Nikola Tesla’s Wireless Power Transmission Finaly Made Public
For a long time this technology has been kept underground. Now companies race to commercialize it. However this type of technology has the potential to make us all self suficient. Federal Jack – Rick
A system that can deliver power to devices without the need for wires has been shown off at a hi-tech conference.
The technique exploits simple physics and can be used to charge a range of electronic devices.
Eric Giler, chief executive of US firm Witricity, showed mobile phones and televisions charging wirelessly at the TED Global conference in Oxford.
He said the system could replace the miles of expensive power cables and billions of disposable batteries.
“There is something like 40 billion disposable batteries built every year for power that, generally speaking, is used within a few inches or feet of where there is very inexpensive power,” he said.
Trillions of dollars, he said, had also been invested building an infrastructure of wires “to get power form where it is created to where it is used.”
Witricity claims to be able to charge gadgets large and small
“We love this stuff [electricity] so much,” he said.
Mr Giler showed off a Google G1 phone and an Apple iPhone that could be charged using the system.
Witricity, he said, had managed to pack all the necessary components into the body of the G1 phone, but Apple had made that process slightly harder.
“They don’t make it easy at Apple to get inside their phones so we put a little sleeve on the back,” he said.
He also showed off a commercially available television using the system.
“Imagine you get one of these things and you want to hang it on the wall,” he said. “Think about it, you don’t want those ugly cords hanging down.”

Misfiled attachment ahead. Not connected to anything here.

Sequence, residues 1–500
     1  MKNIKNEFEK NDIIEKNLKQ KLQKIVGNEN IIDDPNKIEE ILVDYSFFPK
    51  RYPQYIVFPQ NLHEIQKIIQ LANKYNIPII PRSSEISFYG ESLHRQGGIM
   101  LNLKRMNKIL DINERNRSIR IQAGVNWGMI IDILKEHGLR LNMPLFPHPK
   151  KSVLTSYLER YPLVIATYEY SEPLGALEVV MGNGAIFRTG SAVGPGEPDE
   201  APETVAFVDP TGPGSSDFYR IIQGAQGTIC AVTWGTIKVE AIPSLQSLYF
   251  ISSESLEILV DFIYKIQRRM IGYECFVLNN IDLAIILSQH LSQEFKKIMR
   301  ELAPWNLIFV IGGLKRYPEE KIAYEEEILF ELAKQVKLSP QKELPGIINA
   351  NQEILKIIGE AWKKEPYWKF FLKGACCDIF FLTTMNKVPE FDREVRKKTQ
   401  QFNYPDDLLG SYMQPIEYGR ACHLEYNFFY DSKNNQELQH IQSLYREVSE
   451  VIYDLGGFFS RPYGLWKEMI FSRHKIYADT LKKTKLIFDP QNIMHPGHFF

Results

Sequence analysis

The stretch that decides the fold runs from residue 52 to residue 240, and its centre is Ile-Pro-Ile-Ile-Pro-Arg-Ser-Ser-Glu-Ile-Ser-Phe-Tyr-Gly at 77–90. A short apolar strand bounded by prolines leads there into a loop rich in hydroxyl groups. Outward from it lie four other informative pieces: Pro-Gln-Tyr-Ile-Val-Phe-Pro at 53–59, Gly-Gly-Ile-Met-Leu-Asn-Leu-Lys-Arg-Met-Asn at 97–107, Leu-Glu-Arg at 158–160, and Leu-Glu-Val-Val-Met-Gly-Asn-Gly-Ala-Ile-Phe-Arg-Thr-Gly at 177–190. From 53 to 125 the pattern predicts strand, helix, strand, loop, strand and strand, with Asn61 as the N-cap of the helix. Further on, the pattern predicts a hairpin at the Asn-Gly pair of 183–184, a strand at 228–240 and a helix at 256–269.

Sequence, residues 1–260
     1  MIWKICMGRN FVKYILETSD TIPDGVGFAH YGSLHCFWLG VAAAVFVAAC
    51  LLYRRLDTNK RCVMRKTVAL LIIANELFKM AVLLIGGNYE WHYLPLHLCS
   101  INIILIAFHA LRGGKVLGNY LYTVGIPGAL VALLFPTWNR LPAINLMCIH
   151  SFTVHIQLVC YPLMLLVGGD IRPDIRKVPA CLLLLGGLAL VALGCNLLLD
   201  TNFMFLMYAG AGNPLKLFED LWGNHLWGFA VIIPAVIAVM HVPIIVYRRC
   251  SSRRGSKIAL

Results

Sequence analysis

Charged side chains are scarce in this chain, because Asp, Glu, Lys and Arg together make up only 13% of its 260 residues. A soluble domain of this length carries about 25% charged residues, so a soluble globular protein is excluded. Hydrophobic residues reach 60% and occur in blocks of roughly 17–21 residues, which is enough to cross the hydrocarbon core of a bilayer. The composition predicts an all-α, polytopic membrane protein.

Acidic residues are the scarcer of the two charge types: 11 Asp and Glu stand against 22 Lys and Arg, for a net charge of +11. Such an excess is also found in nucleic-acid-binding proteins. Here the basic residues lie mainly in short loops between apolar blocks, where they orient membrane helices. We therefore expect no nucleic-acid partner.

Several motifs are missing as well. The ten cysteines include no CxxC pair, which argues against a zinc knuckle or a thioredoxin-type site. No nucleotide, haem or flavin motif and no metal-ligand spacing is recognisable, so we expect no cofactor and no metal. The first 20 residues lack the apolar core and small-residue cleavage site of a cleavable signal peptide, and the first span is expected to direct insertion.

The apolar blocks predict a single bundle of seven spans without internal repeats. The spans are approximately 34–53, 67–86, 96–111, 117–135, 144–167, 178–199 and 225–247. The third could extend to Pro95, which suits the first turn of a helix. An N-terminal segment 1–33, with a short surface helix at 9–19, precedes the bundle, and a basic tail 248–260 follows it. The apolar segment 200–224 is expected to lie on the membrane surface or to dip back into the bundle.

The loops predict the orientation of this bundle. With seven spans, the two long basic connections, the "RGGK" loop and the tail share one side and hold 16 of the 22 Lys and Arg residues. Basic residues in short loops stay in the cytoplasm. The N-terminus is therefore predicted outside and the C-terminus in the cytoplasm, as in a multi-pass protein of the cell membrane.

The system is based on work by physicist Marin Soljacic at the Massachusetts Institute of Technology (MIT).
It exploits “resonance”, whereby energy transfer is markedly more efficient when a certain frequency is applied.
When two objects have the same resonant frequency, they exchange energy strongly without having an effect on other, surrounding objects.
For example, it is resonance that can cause a wine glass to explode when a singer hits exactly the right tone.
But instead of using acoustic resonance, Witricity’s approach exploits the resonance of low frequency electromagnetic waves.
HOW WIRELESS POWER WORKS
1. First magnetic coil (Antenna A) housed in a box and can be set in wall or ceiling
2. Antenna A, powered by mains, resonates at a specific frequency
3. Electromagnetic waves transmitted through the air
4. Second magnetic coil (Antenna B) fitted in laptop/TV etc resonates at same frequency as first coil and absorbs energy
5. Energy charges the device
The system uses two coils – one plugged into the mains and the other embedded or attached to the gadget.
Each coil is carefully engineered with the same resonant frequency. When the main coil is connected to an electricity supply, the magnetic field it produces is resonant with that of with the second coil, allowing “tails” of energy to flow between them.